Thank you, Planning Commission, for the time you took to read the letters and to listen to the folks who came out to explain why they felt the overly-bright LED sign would be dangerous. Your 4-1 vote to deny the waiver needed for the sign is much appreciated.
Developers who rely on development guidelines being enforced before . . . → Read More: Sign waiver denied
When it comes to approaching the Planning Commission about waiver requests, we hear a lot of conflicting messages about the role and power of the residents:
- The PC likes to hear from “just plain folks,” the kind who show up in their paint-spattered work clothes, heavy work boots, medical uniforms and office attire. Let’s call them the “JPF” for short.
- The more of these JPF, the more powerful the message.
- The PC cannot make decisions based on the popularity, or lack thereof, of a waiver request. So actually, numbers of JPF at the meetings can’t count.
- The JPF actually don’t understand all the legalities, so while their interest is much appreciated, it doesn’t stand a chance against a legal technicality.
- How the PC votes on a waiver request is very much affected by what the JPF say.
- If the JPF haven’t come in with new information for the PC to use in figuring out how to vote, or if their information is ill-informed, then the hours they spend at these meetings is all for naught.
Continue reading Done our homework
The sign being voted on at the Planning Commission meeting tonight (City Hall, 6:00 pm) is not, I repeat, is not the hold-up on the store opening.
Sean Kirst reported on this fact a month ago (Post-Standard, Friday, June 19, 2009 – bolding mine):
Continue reading The sign is not the hold-up
RE: Application No. AS-09-17, Sign Exception , Five Point Development
Dear Ms. Lamendola,
I am writing in regards to application number AS-09-17 submitted by Five Point Development. As an Upstate New York native and urban planner I strongly oppose a waiver for the projecting sign with LED sign. The design does not coincide with the pedestrian oriented design of Eastwood; it’s distracting for drivers and therefore dangerous. Further waivers to the James Street Overlay will weaken the ability to enforce guidelines in the future.
Continue reading My Letter to Zoning by Jessica Hemingway
Picture the driver navigating this intersection, kids being a distraction, cell phone ringing, a cup of coffee in one hand, and an LED sign brighter than everything else changing from one message to another:
How about at night? Remember: this sign is changing all the time:
Continue reading Those pesky – and dangerous – LED signs
I’m not the only one who hopes they get this exit straightened out before we have to read in the paper that a tragic “accident” has taken place at the intersection of James St. and Grant Blvd. Call it an accident and it seems the hand of God is in play. But even mere mortals can tell this exit at Walgreens isn’t going to work. Fact is, we knew it back on December 14, 2005, when I first put this on the Walkable Eastwood website:
Continue reading Egregious egress = tragic accident
Maybe it’s the developer who doesn’t want to work with the community. Look at these beautiful ways to have a Walgreens in your neighborhood! Don’t think for a minute that they did this because these neighborhoods are somehow more special than Eastwood. These neighborhoods are special only because they have design guidelines that prevent them from . . . → Read More: Walgreens will work with communities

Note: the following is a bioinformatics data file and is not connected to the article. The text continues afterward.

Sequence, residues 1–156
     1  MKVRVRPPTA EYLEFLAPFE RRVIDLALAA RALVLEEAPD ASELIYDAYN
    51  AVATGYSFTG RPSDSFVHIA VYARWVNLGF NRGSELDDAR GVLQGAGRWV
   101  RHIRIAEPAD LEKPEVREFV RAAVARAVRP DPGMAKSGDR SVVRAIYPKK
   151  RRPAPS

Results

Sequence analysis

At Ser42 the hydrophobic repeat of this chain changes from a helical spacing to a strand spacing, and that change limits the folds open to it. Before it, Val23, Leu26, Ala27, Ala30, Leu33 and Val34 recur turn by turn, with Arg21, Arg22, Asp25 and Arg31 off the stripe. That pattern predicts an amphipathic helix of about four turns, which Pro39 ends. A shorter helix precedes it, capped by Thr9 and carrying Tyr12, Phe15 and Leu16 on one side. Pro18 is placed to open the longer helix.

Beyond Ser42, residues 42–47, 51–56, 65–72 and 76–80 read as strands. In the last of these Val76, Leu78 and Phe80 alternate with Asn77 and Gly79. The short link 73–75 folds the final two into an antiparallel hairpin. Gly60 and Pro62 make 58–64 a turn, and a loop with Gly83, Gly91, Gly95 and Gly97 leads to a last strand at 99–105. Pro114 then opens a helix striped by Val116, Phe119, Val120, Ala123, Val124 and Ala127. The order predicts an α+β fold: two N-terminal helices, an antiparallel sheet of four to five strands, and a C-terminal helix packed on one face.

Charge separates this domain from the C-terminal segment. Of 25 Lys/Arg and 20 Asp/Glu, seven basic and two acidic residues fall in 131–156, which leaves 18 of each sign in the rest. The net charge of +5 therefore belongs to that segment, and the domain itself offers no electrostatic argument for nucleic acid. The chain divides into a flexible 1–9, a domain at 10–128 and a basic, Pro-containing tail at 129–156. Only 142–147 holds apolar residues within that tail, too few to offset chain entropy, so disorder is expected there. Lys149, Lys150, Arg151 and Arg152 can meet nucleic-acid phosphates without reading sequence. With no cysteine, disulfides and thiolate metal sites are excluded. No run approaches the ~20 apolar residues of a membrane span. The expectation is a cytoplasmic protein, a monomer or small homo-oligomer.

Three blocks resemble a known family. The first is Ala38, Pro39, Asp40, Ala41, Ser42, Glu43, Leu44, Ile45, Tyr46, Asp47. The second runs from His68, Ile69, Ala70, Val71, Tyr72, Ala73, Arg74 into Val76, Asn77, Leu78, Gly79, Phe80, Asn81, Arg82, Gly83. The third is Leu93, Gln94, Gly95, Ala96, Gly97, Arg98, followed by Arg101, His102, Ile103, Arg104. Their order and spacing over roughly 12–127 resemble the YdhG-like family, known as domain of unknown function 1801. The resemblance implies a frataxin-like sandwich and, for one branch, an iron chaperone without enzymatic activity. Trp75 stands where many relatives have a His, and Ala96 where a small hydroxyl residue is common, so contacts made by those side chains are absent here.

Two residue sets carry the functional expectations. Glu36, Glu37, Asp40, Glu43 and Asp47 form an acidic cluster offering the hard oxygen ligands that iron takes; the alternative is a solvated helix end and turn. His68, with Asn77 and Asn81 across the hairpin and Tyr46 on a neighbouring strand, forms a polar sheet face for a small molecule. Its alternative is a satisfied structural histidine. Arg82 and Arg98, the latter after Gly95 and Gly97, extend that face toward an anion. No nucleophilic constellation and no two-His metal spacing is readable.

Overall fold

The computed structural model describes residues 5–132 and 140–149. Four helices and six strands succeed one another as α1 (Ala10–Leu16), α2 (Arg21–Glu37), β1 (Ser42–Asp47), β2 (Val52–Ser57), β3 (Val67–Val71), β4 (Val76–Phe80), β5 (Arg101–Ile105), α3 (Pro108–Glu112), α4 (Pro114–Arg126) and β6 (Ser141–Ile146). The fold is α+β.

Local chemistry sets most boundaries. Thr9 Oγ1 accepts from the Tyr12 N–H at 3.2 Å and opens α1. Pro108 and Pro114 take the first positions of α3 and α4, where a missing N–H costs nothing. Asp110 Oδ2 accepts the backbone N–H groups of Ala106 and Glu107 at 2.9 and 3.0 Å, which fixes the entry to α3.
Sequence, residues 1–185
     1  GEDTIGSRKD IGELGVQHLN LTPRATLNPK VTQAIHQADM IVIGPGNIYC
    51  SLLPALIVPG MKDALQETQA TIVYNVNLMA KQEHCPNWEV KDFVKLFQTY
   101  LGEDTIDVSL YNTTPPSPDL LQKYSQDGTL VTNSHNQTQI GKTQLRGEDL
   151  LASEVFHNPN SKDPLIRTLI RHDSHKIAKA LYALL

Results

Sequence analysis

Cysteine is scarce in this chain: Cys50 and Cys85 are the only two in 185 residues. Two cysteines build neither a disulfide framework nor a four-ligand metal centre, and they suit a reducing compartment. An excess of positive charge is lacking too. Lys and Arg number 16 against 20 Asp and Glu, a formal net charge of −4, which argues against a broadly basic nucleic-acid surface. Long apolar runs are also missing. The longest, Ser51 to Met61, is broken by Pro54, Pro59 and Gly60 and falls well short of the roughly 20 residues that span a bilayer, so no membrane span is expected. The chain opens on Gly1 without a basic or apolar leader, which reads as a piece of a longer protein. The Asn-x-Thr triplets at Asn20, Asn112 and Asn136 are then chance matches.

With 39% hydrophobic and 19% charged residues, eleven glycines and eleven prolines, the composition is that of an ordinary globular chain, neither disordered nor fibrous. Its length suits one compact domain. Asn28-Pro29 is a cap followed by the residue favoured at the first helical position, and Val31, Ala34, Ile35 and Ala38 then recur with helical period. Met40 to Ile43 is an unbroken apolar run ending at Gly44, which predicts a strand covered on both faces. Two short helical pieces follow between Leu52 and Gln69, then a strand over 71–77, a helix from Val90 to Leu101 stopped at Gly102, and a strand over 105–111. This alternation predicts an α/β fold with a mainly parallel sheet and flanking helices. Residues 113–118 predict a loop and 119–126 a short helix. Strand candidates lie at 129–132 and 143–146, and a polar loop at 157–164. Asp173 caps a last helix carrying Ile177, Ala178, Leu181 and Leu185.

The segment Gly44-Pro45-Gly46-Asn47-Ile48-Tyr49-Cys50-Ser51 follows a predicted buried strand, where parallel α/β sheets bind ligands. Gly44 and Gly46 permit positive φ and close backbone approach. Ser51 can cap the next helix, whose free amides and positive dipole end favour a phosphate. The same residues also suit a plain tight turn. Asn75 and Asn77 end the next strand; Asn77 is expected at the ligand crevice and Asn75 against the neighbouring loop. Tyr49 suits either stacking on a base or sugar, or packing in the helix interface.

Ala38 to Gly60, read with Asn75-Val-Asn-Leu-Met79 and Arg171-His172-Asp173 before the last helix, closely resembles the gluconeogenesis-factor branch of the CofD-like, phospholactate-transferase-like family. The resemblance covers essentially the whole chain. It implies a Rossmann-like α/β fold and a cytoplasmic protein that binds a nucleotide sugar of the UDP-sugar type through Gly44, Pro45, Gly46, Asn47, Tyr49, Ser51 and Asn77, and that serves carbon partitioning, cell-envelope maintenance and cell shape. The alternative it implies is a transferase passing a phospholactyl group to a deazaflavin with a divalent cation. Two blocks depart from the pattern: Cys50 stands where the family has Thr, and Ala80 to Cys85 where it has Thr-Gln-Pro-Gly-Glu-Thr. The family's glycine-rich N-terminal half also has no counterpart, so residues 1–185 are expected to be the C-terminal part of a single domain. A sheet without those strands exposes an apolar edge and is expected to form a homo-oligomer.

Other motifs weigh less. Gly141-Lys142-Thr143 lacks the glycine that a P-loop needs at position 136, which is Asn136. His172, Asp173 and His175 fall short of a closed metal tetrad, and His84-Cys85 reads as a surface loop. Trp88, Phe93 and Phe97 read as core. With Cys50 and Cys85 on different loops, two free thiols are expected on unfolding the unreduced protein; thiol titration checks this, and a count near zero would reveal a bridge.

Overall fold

A brief recap of the meeting tonight:
The developer showed the commission the newest version of the sign. It is 6 feet 10 inches tall and 11 feet wide. The animated part of the sign has not changed size in all the various permutations.
Those in favor of the developer’s proposal spoke. Those opposed spoke – roughtly twice . . . → Read More: Planning commission May 18: no decision
This was originally published on January 15, 2006, but it is just as important as it was then:
In Sean Kirst’s open letter to Walgreens, he says, in reference to the Drake University neighborhood’s design criteria worked out with Walgreens, “The neighbors made a stink, and your people sat down and worked it out. You moved the entrance of the store up to the street, so shoppers could walk in the front door. You selected a brick for the exterior that matched nicely with nearby college buildings. While many neighbors were opposed to a drive-through, you put it in the back, where it was out of sight.”
A walkable Rite-Aid:
Continue reading Walgreens works with those who persist
The other day I was driving behind a senior driver who was clearly not the sprightly driver he used to be. His driving was excessively slow and his positioning of the car in lanes was not accurate. As I waited behind him at an intersection, I watched him turn left in front of oncoming traffic. Thank goodness things were moving slowly and the driver of the other car was not distracted by unnecessary signage. There could have been an accident, and his wife, sitting in the passenger’s seat, would have been hit directly.
When the community met with Guy Hart, Jr. at the Palace (he’s the developer of the Walgreens), I had one point to make: older drivers are only increasing in number as boomers age. We need to keep our intersections as free of distractions as possible. It’s a safety issue.
Continue reading Design guidelines accommodate older drivers
Since the early 1980′s, our city forefathers in their flawed thinking have foregone long-term stable housing property tax revenue for larger, short-term tax revenue gains by approving franchise type drive-thru land uses (KFC, Burger King, Eckerds, Rite Aid, Jreck Subs, etc.) over the past ten to twenty years. What has resulted in places like Butternut St. is a high crime corridor and declining real property values. Was this trade-off worth it in the end?
Continue reading The true cost of big box/franchise retail
Any of this sound familiar?
From debates heard in the United Kingdom’s House of Commons: